If there is conflict in this land, it is not between “races”; it is between political groups that can no longer be categorised solely on racial lines; it is a conflict between the one per cent who are monopolising wealth and power versus ordinary Malaysians who are struggling to make a living.
The conflict is about stability versus change, one style of governance versus the other, one economic order versus another, and a socio-political order based on race versus one that still thinks in terms of race, but promises to be race-blind.
The thesis of antagonism between races is an old one, and Dr Mahathir Mohamad is not its only proponent. In the doctor’s Malay Dilemma he put forward the claim that there were socio-biological forces driving conflict between Malays and Chinese in Malaya.
The idea of inherent racial antagonism has an older pedigree, one that can be traced to the French aristocrat Arthur de Gobineau. Gobineau, often vilified as the father of racist ideology, is credited with proposing the idea of an Aryan race that would be in a natural antagonism with all other races. It was an idea that his later admirers in the Nazi party paired with 20th-century technologies to achieve brutal results.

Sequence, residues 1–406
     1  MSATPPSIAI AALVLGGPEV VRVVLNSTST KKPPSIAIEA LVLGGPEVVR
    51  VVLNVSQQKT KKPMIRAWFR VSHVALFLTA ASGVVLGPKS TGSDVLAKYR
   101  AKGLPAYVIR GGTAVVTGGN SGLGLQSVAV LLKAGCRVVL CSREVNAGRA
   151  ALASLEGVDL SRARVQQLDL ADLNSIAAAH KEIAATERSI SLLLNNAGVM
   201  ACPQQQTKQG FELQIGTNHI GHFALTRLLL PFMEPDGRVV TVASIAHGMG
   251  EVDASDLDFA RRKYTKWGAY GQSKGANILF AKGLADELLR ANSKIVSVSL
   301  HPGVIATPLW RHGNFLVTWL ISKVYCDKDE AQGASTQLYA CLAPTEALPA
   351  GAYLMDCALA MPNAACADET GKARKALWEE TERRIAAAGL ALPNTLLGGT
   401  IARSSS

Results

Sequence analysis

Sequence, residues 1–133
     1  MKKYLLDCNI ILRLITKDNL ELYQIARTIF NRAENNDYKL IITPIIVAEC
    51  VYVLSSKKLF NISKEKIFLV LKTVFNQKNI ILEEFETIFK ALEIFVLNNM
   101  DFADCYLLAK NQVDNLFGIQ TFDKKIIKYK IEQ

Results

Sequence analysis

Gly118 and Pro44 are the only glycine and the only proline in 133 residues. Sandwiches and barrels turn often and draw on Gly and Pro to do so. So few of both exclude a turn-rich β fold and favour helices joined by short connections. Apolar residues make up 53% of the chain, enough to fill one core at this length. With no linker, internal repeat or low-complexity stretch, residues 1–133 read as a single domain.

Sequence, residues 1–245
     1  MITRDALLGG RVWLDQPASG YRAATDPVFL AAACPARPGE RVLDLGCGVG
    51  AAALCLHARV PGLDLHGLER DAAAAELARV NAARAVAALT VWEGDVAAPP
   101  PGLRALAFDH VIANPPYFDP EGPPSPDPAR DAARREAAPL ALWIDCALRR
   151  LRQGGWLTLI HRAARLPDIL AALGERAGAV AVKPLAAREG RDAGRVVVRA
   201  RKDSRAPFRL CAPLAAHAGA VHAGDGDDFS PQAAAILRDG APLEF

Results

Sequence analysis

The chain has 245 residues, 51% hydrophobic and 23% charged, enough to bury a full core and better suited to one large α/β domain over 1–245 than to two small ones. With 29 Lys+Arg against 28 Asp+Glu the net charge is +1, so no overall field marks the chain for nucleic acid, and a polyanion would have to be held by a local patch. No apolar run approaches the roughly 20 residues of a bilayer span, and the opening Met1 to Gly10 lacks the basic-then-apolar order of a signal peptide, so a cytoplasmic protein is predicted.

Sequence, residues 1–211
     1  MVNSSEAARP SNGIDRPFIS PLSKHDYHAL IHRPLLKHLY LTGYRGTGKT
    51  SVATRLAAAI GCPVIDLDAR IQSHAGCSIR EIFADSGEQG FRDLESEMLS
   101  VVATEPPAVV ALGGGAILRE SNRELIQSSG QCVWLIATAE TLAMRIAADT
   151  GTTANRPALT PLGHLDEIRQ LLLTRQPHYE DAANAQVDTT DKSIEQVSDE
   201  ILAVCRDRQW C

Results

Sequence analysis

Both Gobineau and Dr Mahathir’s thesis of race antagonism is based on false logic. Firstly, that the human species can be divided into discrete races. Secondly, that each such race possesses a distinct character and natural antagonism to others. (There’s a longer, more detailed answer, for which there’s no space here, but I will address it in other articles and lectures.)
I’d like to be generous to the film and hope that people just see it as an earnest plea against social conflict, but race-thinking is so ingrained in the Malayan psyche that I’d expect most viewers to be reaffirmed in the belief that the unit of political conflict in Malaya is race.